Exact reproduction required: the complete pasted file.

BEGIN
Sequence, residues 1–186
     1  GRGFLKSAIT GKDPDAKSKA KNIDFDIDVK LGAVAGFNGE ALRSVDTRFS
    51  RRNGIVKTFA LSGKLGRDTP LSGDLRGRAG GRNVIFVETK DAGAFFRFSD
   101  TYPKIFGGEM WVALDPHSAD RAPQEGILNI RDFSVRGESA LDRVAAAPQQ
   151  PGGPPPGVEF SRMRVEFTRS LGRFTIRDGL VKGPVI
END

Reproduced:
Sequence, residues 1–186
     1  GRGFLKSAIT GKDPDAKSKA KNIDFDIDVK LGAVAGFNGE ALRSVDTRFS
    51  RRNGIVKTFA LSGKLGRDTP LSGDLRGRAG GRNVIFVETK DAGAFFRFSD
   101  TYPKIFGGEM WVALDPHSAD RAPQEGILNI RDFSVRGESA LDRVAAAPQQ
   151  PGGPPPGVEF SRMRVEFTRS LGRFTIRDGL VKGPVI